I was just browsing the DECC (Department for Energy and Climate change) website for something to do, and came across some interesting statistics. In my view we are spending a fortune on bird mincers.
Of course you see the boast of how many they are building.
Between 2003 and 2010 there was a 143 per cent increase in generation from renewables in the UK, but faster rates of growth were recorded in Northern Ireland (652 per cent), Yorkshire and The Humber (287 per cent), East Midlands (258 per cent), North East (231 per cent) and South East (207 per cent) (see charts 11 and 12). For the individual technology groups some very large increases are recorded in percentage terms because in 2003 there was very little use of some of the technologies in various regions.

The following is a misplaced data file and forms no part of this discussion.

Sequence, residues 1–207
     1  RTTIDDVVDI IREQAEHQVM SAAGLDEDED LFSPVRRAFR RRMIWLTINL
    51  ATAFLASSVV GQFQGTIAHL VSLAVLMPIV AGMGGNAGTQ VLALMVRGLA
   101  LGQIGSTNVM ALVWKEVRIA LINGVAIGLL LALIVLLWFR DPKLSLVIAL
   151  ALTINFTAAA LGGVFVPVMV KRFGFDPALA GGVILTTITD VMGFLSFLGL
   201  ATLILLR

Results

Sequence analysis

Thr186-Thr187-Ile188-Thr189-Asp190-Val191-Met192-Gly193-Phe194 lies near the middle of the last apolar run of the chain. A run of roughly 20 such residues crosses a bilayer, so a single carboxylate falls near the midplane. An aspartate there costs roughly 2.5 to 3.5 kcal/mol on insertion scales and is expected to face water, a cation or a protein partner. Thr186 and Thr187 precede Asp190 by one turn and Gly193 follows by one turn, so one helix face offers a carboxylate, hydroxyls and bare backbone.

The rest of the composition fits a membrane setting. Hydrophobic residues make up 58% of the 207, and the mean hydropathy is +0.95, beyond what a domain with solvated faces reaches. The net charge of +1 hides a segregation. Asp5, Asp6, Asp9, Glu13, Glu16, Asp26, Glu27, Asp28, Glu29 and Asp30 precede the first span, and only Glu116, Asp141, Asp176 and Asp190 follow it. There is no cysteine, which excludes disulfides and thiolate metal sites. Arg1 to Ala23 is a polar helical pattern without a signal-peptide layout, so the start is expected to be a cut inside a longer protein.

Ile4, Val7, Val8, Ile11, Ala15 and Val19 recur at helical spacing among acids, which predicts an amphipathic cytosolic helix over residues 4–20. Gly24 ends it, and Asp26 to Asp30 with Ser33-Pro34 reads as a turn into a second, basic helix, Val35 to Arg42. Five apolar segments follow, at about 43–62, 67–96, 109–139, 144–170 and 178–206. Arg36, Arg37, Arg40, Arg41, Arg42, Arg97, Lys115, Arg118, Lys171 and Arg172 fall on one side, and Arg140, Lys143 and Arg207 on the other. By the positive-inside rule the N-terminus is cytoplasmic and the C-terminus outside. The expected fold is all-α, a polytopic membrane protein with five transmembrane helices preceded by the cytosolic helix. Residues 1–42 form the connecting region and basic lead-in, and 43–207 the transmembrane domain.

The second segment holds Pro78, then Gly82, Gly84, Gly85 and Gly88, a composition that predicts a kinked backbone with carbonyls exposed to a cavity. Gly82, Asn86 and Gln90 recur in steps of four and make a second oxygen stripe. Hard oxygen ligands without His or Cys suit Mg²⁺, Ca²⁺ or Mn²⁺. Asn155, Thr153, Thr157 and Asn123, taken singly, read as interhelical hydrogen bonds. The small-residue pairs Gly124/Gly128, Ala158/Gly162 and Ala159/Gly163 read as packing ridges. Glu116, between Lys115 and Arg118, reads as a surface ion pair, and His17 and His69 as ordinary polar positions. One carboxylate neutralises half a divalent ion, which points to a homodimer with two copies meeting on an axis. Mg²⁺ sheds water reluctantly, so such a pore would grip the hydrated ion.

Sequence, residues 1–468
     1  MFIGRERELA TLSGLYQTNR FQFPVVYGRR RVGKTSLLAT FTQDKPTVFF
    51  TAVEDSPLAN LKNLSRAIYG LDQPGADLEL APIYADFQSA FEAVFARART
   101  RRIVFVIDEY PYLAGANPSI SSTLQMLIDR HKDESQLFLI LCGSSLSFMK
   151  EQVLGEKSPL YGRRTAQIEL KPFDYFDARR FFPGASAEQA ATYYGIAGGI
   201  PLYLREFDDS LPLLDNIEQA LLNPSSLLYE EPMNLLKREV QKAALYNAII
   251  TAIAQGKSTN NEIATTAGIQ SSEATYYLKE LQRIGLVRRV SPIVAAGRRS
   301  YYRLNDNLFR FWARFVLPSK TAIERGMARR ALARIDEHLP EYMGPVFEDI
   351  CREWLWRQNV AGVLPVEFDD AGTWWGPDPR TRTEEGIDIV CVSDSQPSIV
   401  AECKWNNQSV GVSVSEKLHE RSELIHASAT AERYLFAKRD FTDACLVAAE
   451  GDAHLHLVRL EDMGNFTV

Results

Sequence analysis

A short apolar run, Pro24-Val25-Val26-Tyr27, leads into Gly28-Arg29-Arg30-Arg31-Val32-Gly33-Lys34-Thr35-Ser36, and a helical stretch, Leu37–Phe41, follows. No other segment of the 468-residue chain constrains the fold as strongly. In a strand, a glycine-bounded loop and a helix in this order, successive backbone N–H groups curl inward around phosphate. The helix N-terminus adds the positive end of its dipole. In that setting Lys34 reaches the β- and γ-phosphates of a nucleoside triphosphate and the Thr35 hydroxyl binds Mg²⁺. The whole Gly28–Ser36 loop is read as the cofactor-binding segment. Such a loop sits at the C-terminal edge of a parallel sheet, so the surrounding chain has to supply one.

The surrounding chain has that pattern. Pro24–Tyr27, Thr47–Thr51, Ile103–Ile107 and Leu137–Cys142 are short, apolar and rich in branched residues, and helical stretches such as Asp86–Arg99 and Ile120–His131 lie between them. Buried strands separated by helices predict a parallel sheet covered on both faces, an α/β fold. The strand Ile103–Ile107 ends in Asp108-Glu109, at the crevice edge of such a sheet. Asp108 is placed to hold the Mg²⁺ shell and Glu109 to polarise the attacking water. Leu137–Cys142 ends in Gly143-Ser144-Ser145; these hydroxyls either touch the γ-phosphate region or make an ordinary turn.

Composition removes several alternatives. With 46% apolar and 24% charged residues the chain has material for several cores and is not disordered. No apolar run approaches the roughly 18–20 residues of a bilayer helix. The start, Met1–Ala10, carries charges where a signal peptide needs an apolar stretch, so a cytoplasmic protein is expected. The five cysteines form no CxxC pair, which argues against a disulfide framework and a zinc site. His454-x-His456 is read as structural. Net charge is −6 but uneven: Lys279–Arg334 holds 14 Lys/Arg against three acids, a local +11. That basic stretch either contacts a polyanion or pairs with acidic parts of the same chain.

Chart 13: Annual variation in load factor1 on an unchanged configuration basis and wind speed
The first point I’d like to make is their inefficiency. They seem to be unable to reach their, so called, load rating. As you can see from the graph above, they are incapable of reaching even 30% of the maximum rated load. In the marine industry where I used to work we would never have put up with such. When commissioning generators after overhaul they were expected to deliver 100% power. In fact for a short period they were tested at 110% of full power.
The second point is if you look at the graph again you’ll see how susceptible they are variations in wind speed.
My third point is that nowhere on the website can I find how many turbines are non-operational. (Have a look if you want).
My final point is who pays for the cost of decommissioning? Below is a small sample taken for offshore turbines
£40,000 fucking quid per megawatt. Bloody hell. Are they going to take them apart with tweezers? What’s wrong with a few kilos of semtex?
We really are being shafted.
1.The ratio of load to the maximum rated load.